'Blazing ring' eclipse races across Africa, Asia

Jan 15, 2010
A solar eclipse viewed from Colombo. A solar eclipse that reduced the sun to a blazing ring surrounding a sombre disk plunged parts of Africa and Asia into an eerie semi-darkness.

A solar eclipse that reduced the sun to a blazing ring surrounding a sombre disk plunged millions of people in Africa and Asia into an eerie semi-darkness on Friday.

The spectacle, visible in a roughly 300-kilometre (185-mile) band running 12,900 kilometres (8,062 miles) across the globe, set a record for the longest annular eclipse that will remain unbeaten for more than a thousand years.

An annular eclipse occurs when the Moon passes directly in front of the Sun but does not completely obscure it, thus leaving a ring -- an annulus -- of sunlight flaring around the lunar disk.

The Moon's shadow first struck the southwestern tip of Chad and western Central African Republic at 0514 GMT and then reached Uganda, Kenya, and Somalia before racing across India, Bangladesh, Myanmar and China.

Local media in the affected areas issued warnings about the dangers of looking directly at the sun, but fascinated onlookers thronged streets to witness the celestial phenomenon.

"It's getting interesting. Birds are singing. It's actually getting cold here," said John Saitega, a 34-year-old father of six in Olte Tefi, 50 kilometres (30 miles) south of Nairobi.

In India, where the eclipse was visible from the southern-most tip, astronomers and curious spectators watched in awe, using sunglasses and even ultra-dark welding masks as day turned into darkness.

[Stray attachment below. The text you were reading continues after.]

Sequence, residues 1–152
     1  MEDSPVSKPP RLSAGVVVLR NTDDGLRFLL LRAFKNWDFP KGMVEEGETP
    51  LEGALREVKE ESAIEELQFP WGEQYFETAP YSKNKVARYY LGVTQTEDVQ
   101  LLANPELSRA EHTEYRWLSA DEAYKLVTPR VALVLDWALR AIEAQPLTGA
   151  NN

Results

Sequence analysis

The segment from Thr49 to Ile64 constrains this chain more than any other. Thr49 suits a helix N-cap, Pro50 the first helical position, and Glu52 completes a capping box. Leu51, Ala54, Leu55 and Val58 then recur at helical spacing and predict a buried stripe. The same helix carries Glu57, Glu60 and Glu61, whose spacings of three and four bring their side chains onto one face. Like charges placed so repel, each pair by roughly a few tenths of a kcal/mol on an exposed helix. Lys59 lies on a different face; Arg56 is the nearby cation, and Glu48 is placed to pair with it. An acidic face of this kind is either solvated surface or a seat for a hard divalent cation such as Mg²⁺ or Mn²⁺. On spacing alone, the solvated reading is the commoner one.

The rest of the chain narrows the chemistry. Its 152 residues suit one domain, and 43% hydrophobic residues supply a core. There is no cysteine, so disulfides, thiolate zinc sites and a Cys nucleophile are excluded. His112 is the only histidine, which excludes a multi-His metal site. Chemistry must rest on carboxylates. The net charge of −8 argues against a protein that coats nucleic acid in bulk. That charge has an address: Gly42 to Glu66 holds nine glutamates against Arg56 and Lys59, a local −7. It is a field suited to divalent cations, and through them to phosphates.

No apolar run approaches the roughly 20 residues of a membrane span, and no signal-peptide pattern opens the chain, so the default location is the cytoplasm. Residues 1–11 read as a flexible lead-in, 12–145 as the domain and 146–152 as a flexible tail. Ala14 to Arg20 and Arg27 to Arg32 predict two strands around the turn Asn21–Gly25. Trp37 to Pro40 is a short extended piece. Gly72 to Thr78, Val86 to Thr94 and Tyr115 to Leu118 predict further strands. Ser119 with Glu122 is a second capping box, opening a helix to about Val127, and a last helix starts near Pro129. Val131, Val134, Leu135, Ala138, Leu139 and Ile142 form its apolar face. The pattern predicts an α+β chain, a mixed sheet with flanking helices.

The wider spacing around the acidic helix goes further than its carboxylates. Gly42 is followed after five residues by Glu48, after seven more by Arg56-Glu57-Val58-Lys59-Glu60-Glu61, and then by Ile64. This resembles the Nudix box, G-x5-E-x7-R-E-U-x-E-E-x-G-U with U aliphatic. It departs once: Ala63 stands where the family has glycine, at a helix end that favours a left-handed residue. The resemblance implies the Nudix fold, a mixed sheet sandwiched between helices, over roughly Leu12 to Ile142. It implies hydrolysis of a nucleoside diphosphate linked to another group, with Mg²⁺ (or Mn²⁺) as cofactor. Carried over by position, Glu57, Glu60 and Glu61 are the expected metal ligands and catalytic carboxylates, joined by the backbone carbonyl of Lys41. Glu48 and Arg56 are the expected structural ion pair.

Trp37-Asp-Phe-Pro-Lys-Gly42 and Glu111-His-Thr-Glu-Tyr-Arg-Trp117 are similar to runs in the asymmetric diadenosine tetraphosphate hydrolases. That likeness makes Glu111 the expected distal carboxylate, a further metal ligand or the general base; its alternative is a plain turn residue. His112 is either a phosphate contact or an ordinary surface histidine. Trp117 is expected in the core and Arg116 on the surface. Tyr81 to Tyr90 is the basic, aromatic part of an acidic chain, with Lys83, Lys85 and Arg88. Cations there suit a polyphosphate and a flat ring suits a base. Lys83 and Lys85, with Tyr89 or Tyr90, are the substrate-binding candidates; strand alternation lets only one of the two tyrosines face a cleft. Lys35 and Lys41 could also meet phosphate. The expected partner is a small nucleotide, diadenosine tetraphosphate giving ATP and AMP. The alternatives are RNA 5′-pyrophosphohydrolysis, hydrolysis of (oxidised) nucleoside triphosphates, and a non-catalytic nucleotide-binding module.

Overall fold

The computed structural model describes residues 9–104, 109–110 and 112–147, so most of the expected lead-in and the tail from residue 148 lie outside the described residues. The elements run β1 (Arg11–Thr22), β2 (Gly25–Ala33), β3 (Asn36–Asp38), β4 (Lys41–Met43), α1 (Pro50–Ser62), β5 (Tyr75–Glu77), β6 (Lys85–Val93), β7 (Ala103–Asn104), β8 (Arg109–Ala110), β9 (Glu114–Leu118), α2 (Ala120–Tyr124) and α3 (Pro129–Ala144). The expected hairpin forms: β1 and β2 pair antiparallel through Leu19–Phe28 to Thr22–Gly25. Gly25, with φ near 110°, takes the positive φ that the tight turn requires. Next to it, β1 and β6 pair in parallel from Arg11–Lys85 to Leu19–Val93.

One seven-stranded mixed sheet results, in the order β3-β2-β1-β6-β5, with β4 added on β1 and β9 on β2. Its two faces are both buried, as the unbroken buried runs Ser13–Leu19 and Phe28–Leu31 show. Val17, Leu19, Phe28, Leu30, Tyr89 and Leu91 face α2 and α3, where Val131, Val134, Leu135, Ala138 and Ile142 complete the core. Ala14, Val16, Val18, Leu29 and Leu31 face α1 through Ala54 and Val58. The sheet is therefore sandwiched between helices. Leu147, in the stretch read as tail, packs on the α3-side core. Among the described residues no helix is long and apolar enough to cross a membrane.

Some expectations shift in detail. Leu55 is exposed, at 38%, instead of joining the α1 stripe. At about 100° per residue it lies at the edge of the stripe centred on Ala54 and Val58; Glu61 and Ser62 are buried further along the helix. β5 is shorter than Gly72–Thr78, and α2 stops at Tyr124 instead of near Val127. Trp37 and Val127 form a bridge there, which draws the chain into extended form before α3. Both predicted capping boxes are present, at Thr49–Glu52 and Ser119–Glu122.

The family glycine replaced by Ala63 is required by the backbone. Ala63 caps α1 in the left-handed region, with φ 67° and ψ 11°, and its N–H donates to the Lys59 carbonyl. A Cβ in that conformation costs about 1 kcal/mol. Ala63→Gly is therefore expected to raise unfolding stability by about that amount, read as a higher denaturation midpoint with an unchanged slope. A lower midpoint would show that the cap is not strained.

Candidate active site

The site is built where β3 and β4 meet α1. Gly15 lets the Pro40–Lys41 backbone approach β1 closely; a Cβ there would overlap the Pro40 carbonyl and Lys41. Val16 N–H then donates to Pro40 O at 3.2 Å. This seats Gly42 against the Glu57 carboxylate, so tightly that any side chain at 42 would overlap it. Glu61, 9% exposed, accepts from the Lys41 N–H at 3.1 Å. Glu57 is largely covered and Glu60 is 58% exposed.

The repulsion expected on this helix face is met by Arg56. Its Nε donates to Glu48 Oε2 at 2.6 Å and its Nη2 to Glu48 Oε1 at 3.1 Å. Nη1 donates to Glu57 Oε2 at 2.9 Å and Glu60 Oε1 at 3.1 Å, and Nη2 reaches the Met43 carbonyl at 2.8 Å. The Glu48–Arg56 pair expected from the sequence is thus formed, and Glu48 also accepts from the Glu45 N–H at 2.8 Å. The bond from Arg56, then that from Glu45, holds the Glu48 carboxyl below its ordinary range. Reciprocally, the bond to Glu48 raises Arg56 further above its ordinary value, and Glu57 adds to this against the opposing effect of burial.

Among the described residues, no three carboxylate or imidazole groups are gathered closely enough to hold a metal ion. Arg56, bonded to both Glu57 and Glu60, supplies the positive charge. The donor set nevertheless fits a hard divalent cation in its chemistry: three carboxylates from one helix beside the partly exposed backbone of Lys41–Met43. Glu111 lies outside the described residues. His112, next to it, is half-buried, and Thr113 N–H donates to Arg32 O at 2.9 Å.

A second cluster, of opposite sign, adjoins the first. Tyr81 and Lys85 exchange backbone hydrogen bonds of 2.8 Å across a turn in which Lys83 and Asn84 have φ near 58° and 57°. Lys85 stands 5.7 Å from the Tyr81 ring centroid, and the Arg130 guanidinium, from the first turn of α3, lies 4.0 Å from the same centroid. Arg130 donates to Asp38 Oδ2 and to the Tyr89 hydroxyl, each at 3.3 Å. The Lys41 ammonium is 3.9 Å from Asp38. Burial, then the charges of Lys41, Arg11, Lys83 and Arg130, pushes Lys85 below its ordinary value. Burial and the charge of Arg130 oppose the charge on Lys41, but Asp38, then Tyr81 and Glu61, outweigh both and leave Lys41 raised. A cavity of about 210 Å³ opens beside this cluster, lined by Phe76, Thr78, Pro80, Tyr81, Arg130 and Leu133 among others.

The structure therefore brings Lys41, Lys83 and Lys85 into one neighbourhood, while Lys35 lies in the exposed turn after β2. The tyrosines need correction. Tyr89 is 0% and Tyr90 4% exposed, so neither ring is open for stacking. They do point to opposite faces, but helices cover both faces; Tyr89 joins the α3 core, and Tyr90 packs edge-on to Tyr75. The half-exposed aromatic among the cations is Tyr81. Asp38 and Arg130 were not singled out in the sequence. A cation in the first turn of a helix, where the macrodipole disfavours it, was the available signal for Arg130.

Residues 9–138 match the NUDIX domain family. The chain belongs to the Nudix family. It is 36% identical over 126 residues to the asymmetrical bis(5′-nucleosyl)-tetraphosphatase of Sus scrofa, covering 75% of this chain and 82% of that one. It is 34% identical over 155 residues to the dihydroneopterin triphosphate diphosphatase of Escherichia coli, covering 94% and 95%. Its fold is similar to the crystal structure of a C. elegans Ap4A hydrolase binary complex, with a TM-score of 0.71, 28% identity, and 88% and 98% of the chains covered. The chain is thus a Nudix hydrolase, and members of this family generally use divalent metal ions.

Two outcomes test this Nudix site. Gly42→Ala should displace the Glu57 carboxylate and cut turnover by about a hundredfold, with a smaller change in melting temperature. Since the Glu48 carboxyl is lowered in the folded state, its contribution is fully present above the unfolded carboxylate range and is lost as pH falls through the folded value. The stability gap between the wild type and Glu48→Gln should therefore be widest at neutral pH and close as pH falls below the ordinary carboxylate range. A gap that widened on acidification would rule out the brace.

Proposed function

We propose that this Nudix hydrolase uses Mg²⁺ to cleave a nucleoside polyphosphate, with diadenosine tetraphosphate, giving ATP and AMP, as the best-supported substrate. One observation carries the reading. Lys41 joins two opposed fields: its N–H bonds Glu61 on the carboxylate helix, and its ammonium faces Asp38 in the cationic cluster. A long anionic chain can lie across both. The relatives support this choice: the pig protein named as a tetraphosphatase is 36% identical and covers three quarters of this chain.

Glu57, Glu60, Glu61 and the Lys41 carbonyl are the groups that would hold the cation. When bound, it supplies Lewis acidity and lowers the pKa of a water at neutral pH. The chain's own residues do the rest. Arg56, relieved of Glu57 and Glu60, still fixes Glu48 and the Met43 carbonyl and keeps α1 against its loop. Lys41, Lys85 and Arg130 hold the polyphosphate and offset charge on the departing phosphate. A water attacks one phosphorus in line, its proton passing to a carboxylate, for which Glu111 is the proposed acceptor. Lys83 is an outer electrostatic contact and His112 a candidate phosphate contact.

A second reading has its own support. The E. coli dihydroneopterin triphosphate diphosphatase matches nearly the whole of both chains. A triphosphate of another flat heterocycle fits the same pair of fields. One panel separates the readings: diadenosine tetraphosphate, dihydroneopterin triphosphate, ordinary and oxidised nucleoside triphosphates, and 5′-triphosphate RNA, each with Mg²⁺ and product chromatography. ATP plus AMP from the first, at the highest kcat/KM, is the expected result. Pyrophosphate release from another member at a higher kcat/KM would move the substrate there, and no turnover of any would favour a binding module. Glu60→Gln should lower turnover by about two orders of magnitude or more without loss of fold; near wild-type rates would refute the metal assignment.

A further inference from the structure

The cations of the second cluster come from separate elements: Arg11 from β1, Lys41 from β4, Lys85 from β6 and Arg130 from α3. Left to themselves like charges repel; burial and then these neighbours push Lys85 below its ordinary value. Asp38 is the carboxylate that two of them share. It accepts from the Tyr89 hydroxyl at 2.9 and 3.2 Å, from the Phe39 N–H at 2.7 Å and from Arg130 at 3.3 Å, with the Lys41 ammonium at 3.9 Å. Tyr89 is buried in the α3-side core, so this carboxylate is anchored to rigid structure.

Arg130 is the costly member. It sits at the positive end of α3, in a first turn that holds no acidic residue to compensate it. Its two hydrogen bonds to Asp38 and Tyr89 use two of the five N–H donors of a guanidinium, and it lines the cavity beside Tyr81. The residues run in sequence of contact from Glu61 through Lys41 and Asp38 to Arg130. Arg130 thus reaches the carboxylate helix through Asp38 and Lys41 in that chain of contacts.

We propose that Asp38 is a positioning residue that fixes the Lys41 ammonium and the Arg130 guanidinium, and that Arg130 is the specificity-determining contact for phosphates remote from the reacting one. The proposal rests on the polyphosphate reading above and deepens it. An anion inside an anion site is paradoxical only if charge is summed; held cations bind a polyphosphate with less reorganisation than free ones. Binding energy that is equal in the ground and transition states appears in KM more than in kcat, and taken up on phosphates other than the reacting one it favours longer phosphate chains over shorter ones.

There were cheers and applause in the city of Bangalore when clouds cleared just in time to show the Moon glide into position to cover about 85 percent of the Sun.

Veteran eclipse chaser Daniel Fischer from German astronomy magazine Interstellarum picked a vantage spot on a cliff in Varkala, 62 kilometres (38 miles) north of the city of Thiruvananthapuram in the Indian state of Kerala.

"I'm thrilled. My first eclipse was Indonesia in 1983," said Fischer, who has witnessed 23 eclipses in total.

The Bangalore-based Indian Space Research Organisation (ISRO) launched three small rockets on Thursday and another five on Friday to study the effects of the event on the atmosphere.

"We will compare the data obtained on normal days with data during and immediately after the eclipse to study the difference," project director P. Ratnakar Rao told AFP from Thiruvananthapuram.

The eclipse, which was followed live on cable television in India and China, temporarily put a halt to the world's biggest religious gathering in northern India.

Temples in Haridwar, site of the Kumbh Mela which sees millions of Hindus bathe in the holy river Ganges, were closed for the duration of the eclipse because the phenomenon is considered inauspicious, an organiser told AFP.

Residents in the Ugandan capital Kampala got a good view, although some were afraid of the intensity of the light, with many sharing dark glasses to gaze up at the sky.

"Can't it burn someone? You can't even look direct because I'm fearing for my eyes. I'm fearing it can burn me," said Angela Namukwaya, a shopkeeper in a Kampala suburb.

The maximum duration of "annularity" -- the time the moon is in front of the sun --- was 11 minutes, eight seconds at 0706 GMT, making it "the longest annular eclipse of the 3rd Millennium," according to NASA.

Only on December 23, 3043 will this record be beaten.

In China's capital, Beijing, a partial eclipse made a crescent of the setting orange sun before the lunar shadow expired over the Shandong peninsula at 0859 GMT.

"It's cool. The weather conditions are pretty good. It's really rather magnificent," said one male Beijing high school student, one of about 40 observing the eclipse from Coal Hill, overlooking the Forbidden City.

Explore further: NASA: Engineer vital to 1969 moon landing dies

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